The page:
Thursday, November 17, 2005

Are You Counsel?

I went off to a Magistrates Court that is a little off my usual path.

I spoke with the Prosecutor first of all about the case. As the case was listed for a first appearance today I collected the advance information from the Prosecutor who then wanted to know what firm of solicitors was representing the Client. The conversation went a little like this:

Her: Who instructs you?
Me: I do.
Her: Sorry?
Me: I am dealing with the case.
Her: Are you Counsel?
No: I am a solicitor.
Her: Sorry.

After finding and speaking to my Client I spoke with the Usher to let her know that my Client and I had attended at Court and that her case was ready to be called on. The conversation went like this:

Me: Hello, I am here representing Mrs X.
Her: Is your Client here?
Me: Yes.
Her: Are you ready to be called on.
Me: Yes.
Her: Who has instructed you?
Me: No, I am a solicitor.
Her: Oh sorry, you look like Counsel.

At some point during the morning I was approached by one of the duty solicitors local to the Court I was at, they spoke with me:

Him: Hello, what are you doing here.
Me: I am just waiting to be called on for a first appearance.
Him: I don't know if you can help me. I am the duty solicitor today and I have a Client who has a co-defendant. They are both in custody and the co-defendant has legal aid with a firm but they have not turned up. Would you accept a brief from the solicitors to represent the other chap?
Me: Erm, I'm not Counsel.
Him: Sorry, you look like Counsel.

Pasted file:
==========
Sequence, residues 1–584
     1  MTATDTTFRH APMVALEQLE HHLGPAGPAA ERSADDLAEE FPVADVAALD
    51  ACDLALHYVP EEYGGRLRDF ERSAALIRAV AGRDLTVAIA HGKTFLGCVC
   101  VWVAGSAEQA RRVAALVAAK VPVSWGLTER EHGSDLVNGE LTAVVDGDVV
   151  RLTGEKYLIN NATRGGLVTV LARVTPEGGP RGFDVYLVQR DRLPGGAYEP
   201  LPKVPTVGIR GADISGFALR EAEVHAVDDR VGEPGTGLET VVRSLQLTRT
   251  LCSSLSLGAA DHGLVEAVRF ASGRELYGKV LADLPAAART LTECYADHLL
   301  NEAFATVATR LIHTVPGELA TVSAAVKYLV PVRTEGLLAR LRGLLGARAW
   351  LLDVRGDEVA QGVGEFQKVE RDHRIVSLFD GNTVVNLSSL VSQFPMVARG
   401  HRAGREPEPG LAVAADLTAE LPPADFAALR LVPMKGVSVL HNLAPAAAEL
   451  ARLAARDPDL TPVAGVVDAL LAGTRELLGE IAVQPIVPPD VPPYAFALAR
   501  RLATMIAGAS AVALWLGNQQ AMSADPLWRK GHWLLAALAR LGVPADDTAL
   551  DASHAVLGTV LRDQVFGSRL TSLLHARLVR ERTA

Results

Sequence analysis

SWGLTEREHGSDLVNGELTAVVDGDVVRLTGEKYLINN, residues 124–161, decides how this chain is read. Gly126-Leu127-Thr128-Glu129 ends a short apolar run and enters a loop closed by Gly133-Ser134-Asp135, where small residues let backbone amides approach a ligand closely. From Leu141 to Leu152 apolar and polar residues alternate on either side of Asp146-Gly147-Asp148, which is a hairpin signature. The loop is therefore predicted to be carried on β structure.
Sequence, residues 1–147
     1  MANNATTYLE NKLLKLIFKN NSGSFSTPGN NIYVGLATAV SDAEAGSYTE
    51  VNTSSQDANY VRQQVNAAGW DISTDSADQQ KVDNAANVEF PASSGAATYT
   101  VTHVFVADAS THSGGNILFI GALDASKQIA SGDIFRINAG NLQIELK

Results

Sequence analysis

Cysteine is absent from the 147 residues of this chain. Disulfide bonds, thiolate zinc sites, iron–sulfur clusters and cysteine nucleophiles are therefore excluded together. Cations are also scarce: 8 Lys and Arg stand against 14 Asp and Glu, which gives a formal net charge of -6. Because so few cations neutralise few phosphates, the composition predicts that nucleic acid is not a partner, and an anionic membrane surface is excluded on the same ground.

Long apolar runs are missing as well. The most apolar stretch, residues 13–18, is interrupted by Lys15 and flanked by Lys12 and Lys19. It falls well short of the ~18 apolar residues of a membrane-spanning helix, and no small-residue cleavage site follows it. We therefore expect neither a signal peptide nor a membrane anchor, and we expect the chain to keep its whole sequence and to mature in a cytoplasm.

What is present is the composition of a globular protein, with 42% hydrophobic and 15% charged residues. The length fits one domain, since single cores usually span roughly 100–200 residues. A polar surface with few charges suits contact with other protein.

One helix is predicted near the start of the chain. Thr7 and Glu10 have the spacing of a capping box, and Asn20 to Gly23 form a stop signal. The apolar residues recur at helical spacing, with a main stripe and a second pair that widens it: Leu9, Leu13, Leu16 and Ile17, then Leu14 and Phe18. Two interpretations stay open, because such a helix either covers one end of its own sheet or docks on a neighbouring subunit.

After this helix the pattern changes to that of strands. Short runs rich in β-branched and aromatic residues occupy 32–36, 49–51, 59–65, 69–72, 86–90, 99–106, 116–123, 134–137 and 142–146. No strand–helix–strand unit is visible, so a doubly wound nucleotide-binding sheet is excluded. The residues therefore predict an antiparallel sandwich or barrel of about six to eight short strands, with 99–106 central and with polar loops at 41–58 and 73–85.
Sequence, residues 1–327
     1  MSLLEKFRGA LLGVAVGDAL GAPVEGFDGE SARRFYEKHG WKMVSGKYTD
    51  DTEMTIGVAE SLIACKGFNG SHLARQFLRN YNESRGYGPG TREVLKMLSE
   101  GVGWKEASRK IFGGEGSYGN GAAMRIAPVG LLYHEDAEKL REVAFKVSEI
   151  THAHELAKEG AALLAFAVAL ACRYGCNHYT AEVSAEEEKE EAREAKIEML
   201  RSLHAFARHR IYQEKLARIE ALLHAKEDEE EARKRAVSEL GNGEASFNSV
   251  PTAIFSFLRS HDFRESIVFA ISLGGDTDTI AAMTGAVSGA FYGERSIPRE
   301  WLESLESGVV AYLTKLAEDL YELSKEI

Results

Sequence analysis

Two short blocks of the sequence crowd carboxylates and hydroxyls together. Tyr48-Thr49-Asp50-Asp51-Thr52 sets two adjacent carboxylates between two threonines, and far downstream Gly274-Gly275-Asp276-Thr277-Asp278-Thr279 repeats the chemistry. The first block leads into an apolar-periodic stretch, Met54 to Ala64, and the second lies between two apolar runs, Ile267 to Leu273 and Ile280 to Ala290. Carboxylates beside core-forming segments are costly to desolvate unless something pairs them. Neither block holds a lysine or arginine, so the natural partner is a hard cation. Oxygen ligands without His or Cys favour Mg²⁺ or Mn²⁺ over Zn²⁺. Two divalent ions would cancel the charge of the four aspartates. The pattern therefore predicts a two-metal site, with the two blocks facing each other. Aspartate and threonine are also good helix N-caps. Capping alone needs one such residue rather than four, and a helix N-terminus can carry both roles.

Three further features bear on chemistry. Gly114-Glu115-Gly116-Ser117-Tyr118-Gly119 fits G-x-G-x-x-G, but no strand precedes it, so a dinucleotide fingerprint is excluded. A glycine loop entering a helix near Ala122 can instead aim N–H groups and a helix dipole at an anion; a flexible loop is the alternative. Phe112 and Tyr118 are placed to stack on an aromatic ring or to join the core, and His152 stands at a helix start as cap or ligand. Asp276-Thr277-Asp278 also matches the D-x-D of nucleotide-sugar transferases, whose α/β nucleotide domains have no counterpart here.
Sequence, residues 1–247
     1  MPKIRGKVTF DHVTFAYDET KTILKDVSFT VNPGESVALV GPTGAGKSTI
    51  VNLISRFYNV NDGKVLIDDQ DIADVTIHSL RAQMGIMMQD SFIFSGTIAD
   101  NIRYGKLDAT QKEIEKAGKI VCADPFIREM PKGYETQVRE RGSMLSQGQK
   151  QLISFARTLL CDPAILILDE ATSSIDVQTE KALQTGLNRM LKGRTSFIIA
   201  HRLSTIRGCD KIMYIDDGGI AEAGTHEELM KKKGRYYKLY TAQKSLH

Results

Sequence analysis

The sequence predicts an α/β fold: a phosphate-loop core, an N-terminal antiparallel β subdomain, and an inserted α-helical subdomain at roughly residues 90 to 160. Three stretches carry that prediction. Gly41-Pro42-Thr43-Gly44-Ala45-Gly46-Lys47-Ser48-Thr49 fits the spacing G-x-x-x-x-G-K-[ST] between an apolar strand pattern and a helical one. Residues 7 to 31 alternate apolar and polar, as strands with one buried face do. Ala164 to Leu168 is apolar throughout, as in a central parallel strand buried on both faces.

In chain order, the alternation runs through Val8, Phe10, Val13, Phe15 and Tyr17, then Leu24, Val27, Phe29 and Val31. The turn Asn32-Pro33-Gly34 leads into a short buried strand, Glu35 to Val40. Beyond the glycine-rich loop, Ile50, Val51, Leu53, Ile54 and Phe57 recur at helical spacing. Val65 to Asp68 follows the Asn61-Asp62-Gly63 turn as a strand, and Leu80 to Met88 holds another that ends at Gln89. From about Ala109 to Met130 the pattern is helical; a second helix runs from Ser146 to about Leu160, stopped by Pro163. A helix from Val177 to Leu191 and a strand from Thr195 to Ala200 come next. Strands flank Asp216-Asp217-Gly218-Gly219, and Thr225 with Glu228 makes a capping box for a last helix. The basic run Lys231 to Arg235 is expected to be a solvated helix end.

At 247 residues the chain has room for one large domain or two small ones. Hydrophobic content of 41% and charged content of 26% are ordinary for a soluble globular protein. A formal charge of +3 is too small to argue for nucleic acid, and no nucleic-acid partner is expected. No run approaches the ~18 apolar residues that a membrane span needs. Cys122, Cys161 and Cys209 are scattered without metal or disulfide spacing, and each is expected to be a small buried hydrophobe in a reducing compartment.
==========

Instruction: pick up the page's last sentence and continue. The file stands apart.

It turned out the reason people kept mistaking me for a barrister was because I was smartly dressed in a pin striped suit. I dress smartly every day and do think that there are some shabbily dressed solicitors out there who have clearly grown to be too comfortable in their usual surroundings and dress pretty poorly. I did not mind being mistaken for Counsel on the basis that I was well dressed but I do think that people have the wrong idea when they suggest that in the general heirachy of things that barristers come above solicitors in terms of dress sense!


Anonymous said...

Ever considered the Bar Gavin?

Sounds like you look the part at least.

Anonymous said...

Well well well, This post made me laugh.. After reading back through your other posts however, as a police officer I am sickened by your 'interpretation' of the law. You sir are a disgrace. I assume that you have problems looking yourself in the mirror?

People like you cost lives.

Anonymous said...

Erm... I am the first "anonymous" on this thread, the original "anonymous" as far as this thread goes, and would like to state that I have no connection with the phoney "anonymous" who posted the "interpretation" of the law comment above.

He is clearly the sort of copper that believes that such things as the right to a free trial are unnecessary inconvieniences.

Good job we don't let the police make the laws in this country.

Bystander said...